Frequency of rescue analgesics

2 (1, 3)

1 (1, 4)

Median D=0 (-1, 0)

0.306

Time to first rescue analgesics, hour b

21.0 (14.4, 27.6)

25.0 (19.3, 30.7)

HR=1.08 (0.52, 2.24)

0.843

Data are presented as median (interquartile range) or number of patient (%), unless otherwise indicated.

D: difference; MED: morphine equivalent dose; PCA: patient controlled analgesia.

a Calculated as Group T vs. or minus Group C.

b Data were analysed by Kaplan-Meier analysis and compared by log-rank test; the results are presented as the median (95% confidence interval).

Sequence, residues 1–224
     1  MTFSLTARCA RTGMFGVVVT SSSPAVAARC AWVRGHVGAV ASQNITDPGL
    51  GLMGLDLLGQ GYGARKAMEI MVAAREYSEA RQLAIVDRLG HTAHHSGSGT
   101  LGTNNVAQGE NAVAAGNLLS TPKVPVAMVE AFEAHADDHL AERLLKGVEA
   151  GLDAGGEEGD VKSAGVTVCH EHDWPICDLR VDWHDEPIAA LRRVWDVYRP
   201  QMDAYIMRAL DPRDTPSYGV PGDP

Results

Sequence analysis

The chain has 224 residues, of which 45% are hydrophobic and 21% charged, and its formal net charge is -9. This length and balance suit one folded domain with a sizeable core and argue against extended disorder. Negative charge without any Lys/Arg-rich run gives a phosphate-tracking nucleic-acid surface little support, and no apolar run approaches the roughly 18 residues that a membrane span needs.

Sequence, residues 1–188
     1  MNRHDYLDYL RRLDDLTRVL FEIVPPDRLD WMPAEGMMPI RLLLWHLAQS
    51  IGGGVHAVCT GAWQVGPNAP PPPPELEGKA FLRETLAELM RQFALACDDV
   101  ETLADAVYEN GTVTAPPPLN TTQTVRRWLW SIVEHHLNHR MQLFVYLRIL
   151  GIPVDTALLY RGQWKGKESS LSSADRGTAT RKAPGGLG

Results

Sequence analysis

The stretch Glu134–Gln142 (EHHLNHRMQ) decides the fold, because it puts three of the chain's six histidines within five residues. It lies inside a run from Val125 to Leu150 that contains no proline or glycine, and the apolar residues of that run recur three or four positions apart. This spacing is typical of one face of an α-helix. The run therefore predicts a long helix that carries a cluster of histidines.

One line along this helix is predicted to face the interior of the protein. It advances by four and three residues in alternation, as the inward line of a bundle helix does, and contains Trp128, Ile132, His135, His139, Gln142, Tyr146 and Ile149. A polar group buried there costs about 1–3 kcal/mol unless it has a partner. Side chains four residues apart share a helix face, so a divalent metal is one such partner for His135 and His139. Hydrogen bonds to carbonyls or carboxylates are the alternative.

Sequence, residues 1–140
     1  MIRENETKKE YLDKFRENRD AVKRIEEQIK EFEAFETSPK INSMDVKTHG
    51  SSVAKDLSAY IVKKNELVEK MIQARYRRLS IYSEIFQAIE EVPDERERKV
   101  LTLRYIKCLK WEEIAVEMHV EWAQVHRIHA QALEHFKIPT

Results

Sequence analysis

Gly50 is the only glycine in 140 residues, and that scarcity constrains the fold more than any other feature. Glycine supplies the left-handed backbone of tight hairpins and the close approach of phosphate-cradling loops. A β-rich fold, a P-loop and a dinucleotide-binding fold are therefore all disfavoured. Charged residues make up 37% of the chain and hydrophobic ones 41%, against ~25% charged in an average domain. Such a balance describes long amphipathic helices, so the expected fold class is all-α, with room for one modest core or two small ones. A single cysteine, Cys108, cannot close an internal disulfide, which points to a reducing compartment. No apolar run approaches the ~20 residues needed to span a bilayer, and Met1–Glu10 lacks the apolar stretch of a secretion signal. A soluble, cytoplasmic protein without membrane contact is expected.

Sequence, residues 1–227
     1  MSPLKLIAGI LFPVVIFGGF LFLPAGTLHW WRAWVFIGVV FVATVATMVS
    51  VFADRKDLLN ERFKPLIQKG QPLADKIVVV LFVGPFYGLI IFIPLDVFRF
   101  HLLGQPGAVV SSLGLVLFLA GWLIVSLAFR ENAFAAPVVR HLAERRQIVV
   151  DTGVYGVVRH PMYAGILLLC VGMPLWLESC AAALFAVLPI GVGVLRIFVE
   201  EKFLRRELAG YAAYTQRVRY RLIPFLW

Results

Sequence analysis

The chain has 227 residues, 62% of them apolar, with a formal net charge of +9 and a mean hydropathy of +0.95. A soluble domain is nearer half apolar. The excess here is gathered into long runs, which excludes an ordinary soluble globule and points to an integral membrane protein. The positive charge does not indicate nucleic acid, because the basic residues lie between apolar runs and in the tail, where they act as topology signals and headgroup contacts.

Table 4. Comparisons of recovery variables

 

Group C (n=51)

Group T (n=52)

P value

PONV within 24 hours

15 (29.4%)

17 (32.7%)

0.719

Use of antiemetics within 24 hours

10 (19.6%)

8 (15.4%)

0.573

NRS subject sleep quality, score a

5 (2, 7)

4 (2, 7)

0.717

Time to first ambulation, hour b

19.5 (17.8, 21.2)

20.0 (18.2, 21.8)

0.314

Volume of drainage within 24 hours, ml

30 (0, 55)

35 (0, 90)

0.248

LOS in hospital after surgery, day b

4.0 (3.7, 4.3)

4.0 (3.6, 4.4)

0.754

Data are presented as number (%) or median (interquartile range).

PONV: postoperative nausea and vomiting; NRS: numeric rating scale; LOS: length of stay.

a Subjective sleep quality on the night of surgery;

b Data were analyzed by Kaplan-Meier analysis and compared by log-rank test; the results are presented as median (95% confidence interval).

Additional File

Additional file 1. Original data. Dataset supporting the conclusions of this article (XLSX, 63 kb).